Bach Collegium Japan performs Bach motets March 3

On Sunday, March 3, conductor Masaaki Suzuki will lead the Bach Collegium Japan in a performance of motets by J.S. Bach.  The concert will take place at 5 pm in Woolsey Hall (500 College Street). Tickets are $20, $10 for students, and all proceeds will be donated to ongoing earthquake relief efforts in Japan.

Masaaki Suzuki, the founding director of Bach Collegium Japan, is Visiting Professor of Choral Conducting at Yale, where he directs the Yale Schola Cantorum.

Suzuki founded Bach Collegium Japan in 1990 to introduce Japanese audiences to period instrument performances of great works from the Baroque period. The ensemble consists of both orchestra and chorus; major activities include an annual concert series of Bach cantatas and a number of instrumental programs. It enjoys an international reputation through performances all over the world, and through acclaimed recordings of Johann Sebastian Bach’s church cantatas for the BIS label.

The Bach Collegium Japan’s 2013 U.S. tour includes performances in Avery Fisher Hall with the New York Philharmonic and Yale Schola Cantorum March 6–9.

Masaaki Suzuki returns to Yale in April to conduct Yale Schola Cantorum and Juilliard415 in performances of Bach’s Mass in B minor in New Haven, New York, and on tour to Japan and Singapore.

The U.S. tour of the Bach Collegium Japan Chorus is supported by the Japan Foundation and arranged by International Arts Foundation. Yale Institute of Sacred Music sponsors the New Haven concert. Tickets are available at music.yale.edu.

Published February 25, 2013
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Bach Collegium Japan gives master classes

On Saturday, 26 March 2011, members of the Bach Collegium Japan presented a series of midday master classes at three different venues on campus. The ensemble was at Yale to perform Bach’s Mass in B minor in Woolsey Hall that evening. Several of its members took the time to work with musicians from the Yale School of Music.

Hidemi Suzuki, right, works with Jacques Wood, left. Photo by Susan E. Thompson.

Gerd Türk, tenor, and Peter Kooij, bass, met with members of the Yale Schola Cantorum in the Great Hall of the Institute for Sacred Music. Ryo Terakado, baroque violin, and Hidemi Suzuki, baroque cello, coached members of the Yale Baroque Ensemble (YBE) at the Yale Collection of Musical Instruments. Jean-François Madeuf, baroque trumpet, and Robert Howes, baroque timpani, offered technical and interpretative advice to brass and percussion participants on the stage of Woolsey Hall.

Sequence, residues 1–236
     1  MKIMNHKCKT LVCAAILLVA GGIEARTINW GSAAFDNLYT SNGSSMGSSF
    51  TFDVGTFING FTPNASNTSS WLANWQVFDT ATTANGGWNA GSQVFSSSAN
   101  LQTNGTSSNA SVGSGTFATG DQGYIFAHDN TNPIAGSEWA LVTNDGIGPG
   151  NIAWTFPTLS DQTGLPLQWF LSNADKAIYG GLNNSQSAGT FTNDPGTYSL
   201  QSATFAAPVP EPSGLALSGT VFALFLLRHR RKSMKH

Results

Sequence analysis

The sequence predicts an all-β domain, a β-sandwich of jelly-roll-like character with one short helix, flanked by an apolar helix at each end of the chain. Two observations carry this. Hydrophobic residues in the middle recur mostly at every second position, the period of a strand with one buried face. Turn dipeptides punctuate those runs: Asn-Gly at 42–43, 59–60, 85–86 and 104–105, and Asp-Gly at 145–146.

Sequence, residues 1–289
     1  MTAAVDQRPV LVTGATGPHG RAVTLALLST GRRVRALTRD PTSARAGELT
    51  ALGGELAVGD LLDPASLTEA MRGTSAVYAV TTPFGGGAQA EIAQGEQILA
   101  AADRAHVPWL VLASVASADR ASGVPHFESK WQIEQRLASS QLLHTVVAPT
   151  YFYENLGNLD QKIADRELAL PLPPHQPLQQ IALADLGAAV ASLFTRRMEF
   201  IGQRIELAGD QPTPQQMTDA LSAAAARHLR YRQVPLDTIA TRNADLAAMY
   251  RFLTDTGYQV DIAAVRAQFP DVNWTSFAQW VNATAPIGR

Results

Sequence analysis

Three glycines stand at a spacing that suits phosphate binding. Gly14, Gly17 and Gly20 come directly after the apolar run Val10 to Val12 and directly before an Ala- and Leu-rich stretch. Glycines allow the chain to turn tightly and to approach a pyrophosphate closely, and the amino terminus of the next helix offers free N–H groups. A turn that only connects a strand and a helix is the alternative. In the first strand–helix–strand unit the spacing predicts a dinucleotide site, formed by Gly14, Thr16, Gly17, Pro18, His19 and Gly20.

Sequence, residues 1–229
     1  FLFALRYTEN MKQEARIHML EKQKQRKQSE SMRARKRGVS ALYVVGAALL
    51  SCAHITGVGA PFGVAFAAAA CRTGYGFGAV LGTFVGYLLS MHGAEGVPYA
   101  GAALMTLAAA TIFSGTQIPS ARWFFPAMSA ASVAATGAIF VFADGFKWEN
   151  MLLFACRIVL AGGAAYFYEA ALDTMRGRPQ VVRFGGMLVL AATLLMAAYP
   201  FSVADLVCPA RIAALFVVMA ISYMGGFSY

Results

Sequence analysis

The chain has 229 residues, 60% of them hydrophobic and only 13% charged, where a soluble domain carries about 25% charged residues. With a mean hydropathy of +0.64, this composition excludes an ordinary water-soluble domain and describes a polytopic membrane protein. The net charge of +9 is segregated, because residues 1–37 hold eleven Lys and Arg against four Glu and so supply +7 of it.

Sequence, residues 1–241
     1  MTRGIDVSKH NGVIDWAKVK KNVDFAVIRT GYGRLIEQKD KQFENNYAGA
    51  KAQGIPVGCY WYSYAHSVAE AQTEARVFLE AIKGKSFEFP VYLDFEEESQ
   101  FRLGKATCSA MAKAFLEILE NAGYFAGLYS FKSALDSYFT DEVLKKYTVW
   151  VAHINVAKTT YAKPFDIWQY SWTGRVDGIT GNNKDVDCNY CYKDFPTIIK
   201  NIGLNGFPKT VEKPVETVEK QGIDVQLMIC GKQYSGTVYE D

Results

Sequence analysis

Click here for a trumpet student’s account of the master class in brass and percussion.

In the words of Jacques Wood, who performed Beethoven’s Sonata for cello and piano, Op. 69, at the Collection of Musical Instruments, “Professor Suzuki is not only a brilliant cellist but also a phenomenal musician whose knowledge of eighteenth- and nineteenth-century historical performance practice is particularly noteworthy. Having had the opportunity to work with him on the Op. 69 sonata was a rare opportunity for me, and I learned much from his insights.”

Read this previous post for further information about the guest artists.

All master classes at the Collection are free and open to the public without charge. News about future master classes will be posted on the School of Music’s website.

Published April 1, 2011
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Student Viewpoint: master class in natural trumpet

by Andreas Stoltzfus ’11MM

It was a great pleasure to go to the masterclass given by Jean-Francois Madeuf and his natural trumpet colleagues. Madeuf began the masterclass by speaking about the difference between natural trumpets and baroque trumpets. A natural trumpet has no system of valves or vent holes to alter the pitch which means that it is limited to only the notes of the natural harmonic series. A baroque trumpet is a trumpet used to play baroque music to which has been added a modern system such as vent holes; these allow the instrument to play notes outside of the natural harmonic series.

Madeuf is the most highly regarded natural trumpeter in the world and plays with an incredibly beautiful, pure tone. He also plays perfectly in tune in the high register, a great feat for the natural trumpeter. As you go higher in the instrument’s register, many of the notes in the natural harmonic series are out of tune; it is up to the player to “lip,” or bend, these notes in tune. Some notes – A”, for example – are particularly difficult to play because the notes Ab” and Bb” are in the natural harmonic series, and one has to lip these pitches into tune. Madeuf played these notes in tune with ease and mastery.

Natural trumpet (top) vs. modern valved trumpet.

Madeuf also spoke about the history of trumpet playing. The trumpet was accepted into art music in the early seventeenth century, when composers began writing into the high register of the instruments. Players had to develop the technique to play these notes in tune.